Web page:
Leafly and Greencamp make some suggestions on where to start for the best strains for treating specific symptoms relating to fibromyalgia.

RX Mary Jane also has a great guide by a person suffering from fibromyalgia and how they use cannabis in their daily routine to help manage their pain and other symptoms.

What people are saying about Cannabis and Fibromyalgia

See what people are saying on Reddit about managing their pain and how different cannabis treatment methods are working for them.

Miss Envy - CBD Canada

Miss Envy is a lifestyle company that prioritizes your health. We provide safe and effective treatment for pain relief for both yourself and your pets. Add our CBD products to your every day routine and start living with less pain with Miss Envy. Try our CBD body products or even add CBD to your favourite meals or favourite drinks. And don’t forget to treat your furry friends with our tasty Bully Bites or Kitty Bittys.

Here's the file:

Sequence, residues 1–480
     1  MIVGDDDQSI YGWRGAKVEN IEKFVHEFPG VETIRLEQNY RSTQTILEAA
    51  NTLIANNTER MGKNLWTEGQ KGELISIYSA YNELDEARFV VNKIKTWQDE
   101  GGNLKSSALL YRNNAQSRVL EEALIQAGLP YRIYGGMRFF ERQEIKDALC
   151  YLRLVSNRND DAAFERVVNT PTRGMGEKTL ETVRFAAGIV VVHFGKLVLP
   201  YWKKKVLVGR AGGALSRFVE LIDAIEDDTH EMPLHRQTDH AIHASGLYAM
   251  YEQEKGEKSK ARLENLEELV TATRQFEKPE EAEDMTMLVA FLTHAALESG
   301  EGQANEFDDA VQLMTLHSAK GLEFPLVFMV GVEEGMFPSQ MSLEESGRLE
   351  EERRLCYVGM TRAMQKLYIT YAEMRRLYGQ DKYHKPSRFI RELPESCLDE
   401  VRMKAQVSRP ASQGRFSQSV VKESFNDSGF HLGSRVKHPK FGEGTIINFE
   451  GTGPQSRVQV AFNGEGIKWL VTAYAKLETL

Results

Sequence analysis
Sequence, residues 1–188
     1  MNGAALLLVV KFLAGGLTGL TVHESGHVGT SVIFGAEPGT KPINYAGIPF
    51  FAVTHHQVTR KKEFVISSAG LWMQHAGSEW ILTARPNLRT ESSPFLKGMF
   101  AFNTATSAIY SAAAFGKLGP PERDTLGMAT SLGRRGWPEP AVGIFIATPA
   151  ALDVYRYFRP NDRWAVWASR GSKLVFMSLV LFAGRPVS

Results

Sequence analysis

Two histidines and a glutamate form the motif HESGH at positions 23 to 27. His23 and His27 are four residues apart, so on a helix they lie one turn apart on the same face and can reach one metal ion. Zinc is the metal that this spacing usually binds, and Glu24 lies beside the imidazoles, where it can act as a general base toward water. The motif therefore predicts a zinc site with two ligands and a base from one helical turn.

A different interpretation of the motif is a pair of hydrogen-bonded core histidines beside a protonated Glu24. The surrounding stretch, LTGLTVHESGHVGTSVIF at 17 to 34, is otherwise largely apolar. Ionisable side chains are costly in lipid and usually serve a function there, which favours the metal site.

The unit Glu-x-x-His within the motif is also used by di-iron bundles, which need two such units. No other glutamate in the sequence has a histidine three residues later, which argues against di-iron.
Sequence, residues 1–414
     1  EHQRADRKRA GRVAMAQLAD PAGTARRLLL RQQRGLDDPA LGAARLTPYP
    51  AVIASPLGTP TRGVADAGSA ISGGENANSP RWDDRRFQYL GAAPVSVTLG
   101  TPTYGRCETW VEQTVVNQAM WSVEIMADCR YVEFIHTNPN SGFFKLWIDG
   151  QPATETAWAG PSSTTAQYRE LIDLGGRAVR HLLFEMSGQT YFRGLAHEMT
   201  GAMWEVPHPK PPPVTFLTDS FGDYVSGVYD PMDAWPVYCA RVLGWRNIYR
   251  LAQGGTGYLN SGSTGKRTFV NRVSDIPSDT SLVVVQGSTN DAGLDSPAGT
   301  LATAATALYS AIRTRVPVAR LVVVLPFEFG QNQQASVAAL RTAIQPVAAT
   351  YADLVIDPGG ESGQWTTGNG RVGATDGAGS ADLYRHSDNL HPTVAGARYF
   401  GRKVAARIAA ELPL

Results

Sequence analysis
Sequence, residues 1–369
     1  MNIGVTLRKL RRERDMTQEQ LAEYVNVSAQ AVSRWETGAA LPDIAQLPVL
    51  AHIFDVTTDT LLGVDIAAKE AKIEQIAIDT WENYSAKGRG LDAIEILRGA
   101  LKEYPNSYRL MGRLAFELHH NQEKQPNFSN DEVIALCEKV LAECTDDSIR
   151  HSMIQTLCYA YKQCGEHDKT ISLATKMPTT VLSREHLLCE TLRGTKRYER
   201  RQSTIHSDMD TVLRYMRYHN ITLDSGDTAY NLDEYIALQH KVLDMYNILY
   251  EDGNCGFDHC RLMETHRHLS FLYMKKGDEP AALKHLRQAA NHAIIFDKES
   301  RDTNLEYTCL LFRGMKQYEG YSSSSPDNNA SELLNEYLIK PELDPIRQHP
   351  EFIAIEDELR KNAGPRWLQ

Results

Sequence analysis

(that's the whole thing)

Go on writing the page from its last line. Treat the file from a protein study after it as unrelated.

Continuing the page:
Find Miss Envy products online at online shop or at any of our trustted cannabis retailers.

Resources

Fiz J, Durán M, Capellà D, Carbonell J, Farré M; Cannabis use in patients with fibromyalgia: effect on symptoms relief and health-related quality of life; PLoS One; April 2011; 6(4):e18440

Russo EB; Clinical endocannabinoid deficiency (CECD): can this concept explain therapeutic benefits of cannabis in migraine, fibromyalgia, irritable bowel syndrome and other treatment-resistant conditions?; Neuro Endocrinology Letters; February-April 2004; 25(1-2):31-9

Nascimento SS, DeSantana JM, Nampo FK, Ribeiro EAN, Silva DL, Araújo-Júnior JX, Almeida JRGS, Bonjardim LR, Araújo AAS, Quintans-Júnior LJ; Efficacy and Safety of Medicinal Plants or Related Natural Products for Fibromyalgia: A Systematic Review; Journal of Evidence-Based Complementary & Alternative Medicine; Jun 2013